Manufacturer's Suggested Retail Price (MSRP), also known as "sticker" price, is a recommended selling price that automakers give a new car that is above the invoice price paid by the dealer. It is a price that does not include any options that can be added to a particular car style. When shown as a range, the prices are starting MSRPs, without options, for multiple styles for that model.
This price range reflects the Kelley Blue Book Suggested Retail value for all trim levels, but not necessarily all available options.
The Kelley Blue Book Suggested Retail value represents the amount an auto dealer might ask for a specific vehicle; the actual sale price will vary. A vehicle's popularity, condition, warranty, color and local market conditions are factors involved in determining a final price. The retail value is not a trade-in or private party value.
The Suggested Retail value assumes that the vehicle has been fully reconditioned and has a clean title history. The Suggested Retail value also allows for advertising, sales commissions, insurance and other costs of doing business as a dealer. Most vehicles offered at this price have passed an inspection, and some may carry a warranty. Vehicle mileage is assumed to be normal or below normal.
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Expert Reviews 1 of 10
By Jim Flammang
December 9, 2002
Vehicle Overview After touring the auto-show circuit since early 2001, Mercury finally launched its 2003 Marauder in late summer 2002. At the Chicago Auto Show in February 2002, a Marauder Convertible concept that was adapted from the sedan was on display.
Based on the full-size rear-wheel-drive Mercury Grand Marquis sedan, the Marauder takes its name from a memorable high-performance model of the 1960s. Rather than serve as a mere trim level of the Grand Marquis, the Marauder is a separate model with its own distinct identity. Mercury bills the car as its rebel with a cause, which subtly suggests the black 1949 Mercury that appeared in the James Dean movie, Rebel Without a Cause.
Its fast, its black, and in my own words, its cool, said Ben Gilbert, vehicle line director for Mercury, during the 2001 Chicago preview. To a large degree, the Marauder is reminiscent of the Impala SS that Chevrolet offered in the early 1990s, which was based on the automakers full-size Caprice sedan. In addition to attracting sales, Mercurys development of the Marauder helps demonstrate that the brand plans to be around for some time.
The Marauders potent 4.6-liter V-8 engine is likely to attract performance enthusiasts and not simply full-size sedan fanciers. The Marauder is produced at a Ford of Canada plant at St. Thomas, Ontario, Canada.
All Marauders are finished in black throughout, right down to their dark-tinted headlight and taillight bezels. It looks the part of a forbidding performance machine by exhibiting what Brand Manager Jennifer Monneagle called a little bit of a menacing and aggressive and individualistic character. Measuring 212 inches long overall, the Marauder rides a 114.7-inch wheelbase. Three-inch chrome exhaust tips bring up the rear, and the Marauder name is embossed in the back bumper. Additional body colors will be available later.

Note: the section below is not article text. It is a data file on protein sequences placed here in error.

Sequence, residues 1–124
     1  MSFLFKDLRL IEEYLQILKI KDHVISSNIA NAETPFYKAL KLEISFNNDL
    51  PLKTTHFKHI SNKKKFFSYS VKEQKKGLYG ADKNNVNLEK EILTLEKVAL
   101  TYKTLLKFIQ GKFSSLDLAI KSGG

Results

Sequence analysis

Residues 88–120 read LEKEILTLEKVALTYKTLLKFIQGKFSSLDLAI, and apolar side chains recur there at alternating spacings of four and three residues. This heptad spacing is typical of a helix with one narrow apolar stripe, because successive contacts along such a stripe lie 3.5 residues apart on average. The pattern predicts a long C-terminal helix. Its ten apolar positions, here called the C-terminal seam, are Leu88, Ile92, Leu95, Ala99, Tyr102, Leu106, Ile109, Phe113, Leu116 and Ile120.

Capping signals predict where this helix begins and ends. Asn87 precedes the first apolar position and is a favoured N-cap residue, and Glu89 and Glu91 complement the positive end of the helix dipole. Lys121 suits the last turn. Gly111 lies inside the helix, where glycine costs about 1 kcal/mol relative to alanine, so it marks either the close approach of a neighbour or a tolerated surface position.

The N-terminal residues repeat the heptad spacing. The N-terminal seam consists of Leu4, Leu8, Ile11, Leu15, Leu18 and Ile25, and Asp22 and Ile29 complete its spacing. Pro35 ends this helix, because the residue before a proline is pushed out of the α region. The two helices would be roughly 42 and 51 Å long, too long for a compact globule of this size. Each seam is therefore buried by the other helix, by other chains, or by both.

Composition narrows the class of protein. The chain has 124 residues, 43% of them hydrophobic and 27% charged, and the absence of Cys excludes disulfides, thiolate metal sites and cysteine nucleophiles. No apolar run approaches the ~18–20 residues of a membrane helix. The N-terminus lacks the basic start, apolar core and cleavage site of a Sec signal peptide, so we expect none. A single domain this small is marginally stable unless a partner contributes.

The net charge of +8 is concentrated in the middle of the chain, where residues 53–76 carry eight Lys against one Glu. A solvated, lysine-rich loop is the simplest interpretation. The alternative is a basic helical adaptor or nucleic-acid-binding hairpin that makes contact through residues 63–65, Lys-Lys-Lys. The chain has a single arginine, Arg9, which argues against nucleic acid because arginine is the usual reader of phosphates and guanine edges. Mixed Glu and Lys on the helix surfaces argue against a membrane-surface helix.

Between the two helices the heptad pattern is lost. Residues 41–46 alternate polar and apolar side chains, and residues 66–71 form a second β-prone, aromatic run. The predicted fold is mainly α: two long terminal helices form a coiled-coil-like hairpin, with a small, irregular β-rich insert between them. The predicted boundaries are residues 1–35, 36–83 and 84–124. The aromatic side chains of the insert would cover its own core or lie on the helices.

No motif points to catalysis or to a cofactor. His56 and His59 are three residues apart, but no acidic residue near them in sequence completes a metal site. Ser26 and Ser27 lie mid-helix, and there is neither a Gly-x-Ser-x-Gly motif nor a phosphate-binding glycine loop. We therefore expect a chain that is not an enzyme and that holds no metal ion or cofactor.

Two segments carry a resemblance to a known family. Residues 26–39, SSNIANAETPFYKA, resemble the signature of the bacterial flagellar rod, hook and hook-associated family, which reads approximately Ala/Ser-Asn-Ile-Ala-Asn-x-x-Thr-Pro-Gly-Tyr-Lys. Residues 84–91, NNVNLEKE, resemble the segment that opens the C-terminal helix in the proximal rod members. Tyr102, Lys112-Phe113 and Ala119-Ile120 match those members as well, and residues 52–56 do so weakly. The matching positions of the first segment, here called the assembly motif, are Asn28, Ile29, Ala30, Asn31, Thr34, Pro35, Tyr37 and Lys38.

Five-spoke forged-aluminum wheels with 18-inch performance tires display a Mercury logo in the center, and Cibieé fog lamps are integrated into the front fascia. The Marauder gets a performance-tuned suspension with front springs that are adapted and slightly shortened from those on Fords police car. Rear air springs hail from the Lincoln Town Car limousine. The full perimeter frame has been enhanced and uses lightweight hydroformed steel for the front rails and a solid cast-aluminum number-two cross-member.
Although the Grand Marquis can seat six occupants, the Marauder is a five-passenger automobile. The instrument panel is designed with dot-matrix gray trim accents. White-faced gauges include a 7,000-rpm tachometer and a 140-mph speedometer with a red-lit Marauder graphic. The center console contains a leather-wrapped, floor-mounted gearshift lever. Auto Meter oil-pressure and voltage gauges sit ahead of the shifter.
The Marauders leather upholstery uses classic French seam stitching, and the seats have extra padding for improved thigh, lumbar and shoulder support. A modern version of the Mercury gods head is debossed into the front seatbacks. A 140-watt Alpine stereo with cassette and CD players is standard, and a six-CD changer is offered as an option for $350. The only other option is a $200 trunk organizer. A moonroof, traction control and heated seats will be offered as options later in the 2003 model year.
Under the Hood
The Marauders 4.6-liter V-8 engine develops 302 horsepower and 318 pounds-feet of torque. Adapted from police duty, the four-speed-automatic transmission drives a 3.55-to-1 rear axle with a limited-slip differential. Premium fuel is required.
Side-impact airbags and all-disc antilock brakes that feature electronic brake-force distribution and panic assist are standard. Dual-stage front airbags deploy according to crash severity. Child-safety seat tether anchors are in the parcel tray behind each rear seating position.
The Marauder is a pleasure on the road, and it delivers a more satisfying ride than many high-performance machines. The cars taut suspension is evident, and the big sedan deals effectively with pavement imperfections while maintaining laudable control. Acceleration is strong, but it doesnt quite rank as exuberant partly because the muscular V-8 is pushing considerable weight. The automatic transmission reacts well and downshifts without notable annoyances.
Front and rear occupants have plenty of space, which is one of the bonuses of a full-size performance sedan. The 20.6-cubic-foot trunk is also a nice feature. Although the V-8s exhaust noise is noticeable during acceleration, the sound is rather subdued when the car is cruising.